Updated 2016.

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13 Comments To This Article

  • Dutchess posted:

    on 14th April 2016, 01:05:30 - Reply

    I have been married to my Dutchi for 11 years and its been VERY tough but worth it . Having said that I do not think we would have made it in Holland . The women were intense and had a hard time letting go even after many years had passed .
  • sarah posted:

    on 1st February 2016, 20:08:03 - Reply

  • Ayush posted:

    on 2nd December 2015, 21:18:11 - Reply

    What a rebuttle...Hahhha...Good one!!!
  • Johnny posted:

    on 11th September 2015, 18:11:17 - Reply

    Dutch people, specially dutch woman my favorite in the world. I had a dutch friend, and this guy was as cool as pool. Then I meet a dutch girl who became my girl. I was 15 and she was 26 and about 2 feet taller than I was. She was the greatest girl I have ever met. Very human, good heart and down to earth. 20 years later I met another dutch, and very just fit in. Unfortunately, I always met dutch woman in foreign countries, for some reasons of professional duties we both have to split a part. Regardless of all the critics about dutch women, they are best women I have met up to now. A great country as Holland is normal produce great people.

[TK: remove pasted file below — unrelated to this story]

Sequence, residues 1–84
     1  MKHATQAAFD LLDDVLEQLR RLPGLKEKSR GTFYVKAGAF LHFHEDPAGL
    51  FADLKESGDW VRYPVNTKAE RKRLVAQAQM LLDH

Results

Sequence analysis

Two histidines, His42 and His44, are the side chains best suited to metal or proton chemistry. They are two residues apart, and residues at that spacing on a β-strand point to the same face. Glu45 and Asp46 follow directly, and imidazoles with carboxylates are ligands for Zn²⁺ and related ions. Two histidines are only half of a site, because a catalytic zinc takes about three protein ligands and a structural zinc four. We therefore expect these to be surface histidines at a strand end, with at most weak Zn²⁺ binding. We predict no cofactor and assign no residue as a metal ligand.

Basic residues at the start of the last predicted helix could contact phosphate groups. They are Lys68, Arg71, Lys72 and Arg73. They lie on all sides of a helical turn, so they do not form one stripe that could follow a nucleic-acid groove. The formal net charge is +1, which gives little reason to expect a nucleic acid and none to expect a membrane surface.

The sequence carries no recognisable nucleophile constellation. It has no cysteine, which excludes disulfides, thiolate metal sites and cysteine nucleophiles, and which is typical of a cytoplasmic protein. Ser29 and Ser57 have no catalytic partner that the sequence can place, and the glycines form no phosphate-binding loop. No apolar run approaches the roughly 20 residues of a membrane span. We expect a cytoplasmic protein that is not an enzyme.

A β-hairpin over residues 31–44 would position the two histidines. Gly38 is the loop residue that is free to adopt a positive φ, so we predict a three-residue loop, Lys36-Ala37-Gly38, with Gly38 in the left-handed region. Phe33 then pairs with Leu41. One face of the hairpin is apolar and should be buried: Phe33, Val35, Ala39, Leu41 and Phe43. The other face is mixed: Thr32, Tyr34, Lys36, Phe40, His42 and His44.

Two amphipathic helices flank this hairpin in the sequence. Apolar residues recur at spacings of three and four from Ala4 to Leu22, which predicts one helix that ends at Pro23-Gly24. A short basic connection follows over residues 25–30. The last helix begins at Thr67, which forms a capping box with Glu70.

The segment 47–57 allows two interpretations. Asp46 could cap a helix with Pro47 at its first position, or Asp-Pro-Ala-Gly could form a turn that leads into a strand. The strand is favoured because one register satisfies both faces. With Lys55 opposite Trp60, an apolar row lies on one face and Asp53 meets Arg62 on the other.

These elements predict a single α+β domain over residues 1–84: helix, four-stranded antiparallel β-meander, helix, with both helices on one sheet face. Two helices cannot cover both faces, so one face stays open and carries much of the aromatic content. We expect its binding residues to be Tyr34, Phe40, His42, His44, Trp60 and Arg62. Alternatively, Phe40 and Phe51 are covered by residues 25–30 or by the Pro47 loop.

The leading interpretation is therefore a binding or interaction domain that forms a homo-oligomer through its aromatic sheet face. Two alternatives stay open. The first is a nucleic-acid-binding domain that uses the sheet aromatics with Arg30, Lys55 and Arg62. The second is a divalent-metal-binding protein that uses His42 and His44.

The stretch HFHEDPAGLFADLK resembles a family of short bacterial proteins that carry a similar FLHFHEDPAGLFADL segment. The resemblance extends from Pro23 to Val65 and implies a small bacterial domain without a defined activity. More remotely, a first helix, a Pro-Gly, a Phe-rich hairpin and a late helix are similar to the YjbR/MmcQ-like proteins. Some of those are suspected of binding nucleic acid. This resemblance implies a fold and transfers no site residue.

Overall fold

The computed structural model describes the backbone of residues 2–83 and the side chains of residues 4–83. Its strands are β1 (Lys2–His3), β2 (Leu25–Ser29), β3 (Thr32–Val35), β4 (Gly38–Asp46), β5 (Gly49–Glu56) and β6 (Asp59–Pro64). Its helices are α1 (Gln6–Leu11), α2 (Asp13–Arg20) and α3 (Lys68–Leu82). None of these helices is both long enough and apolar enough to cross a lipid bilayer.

• Johnny posted:

    on 11th September 2015, 18:18:59 - Reply

    I have been visiting Holland on in off, I have to admit that I have a weak for dutch women, if you are a dutch woman, you are single and available for a date, you can contact me at: I'm single and let's give it a try.

  • Caroline posted:

    on 12th April 2015, 22:03:12 - Reply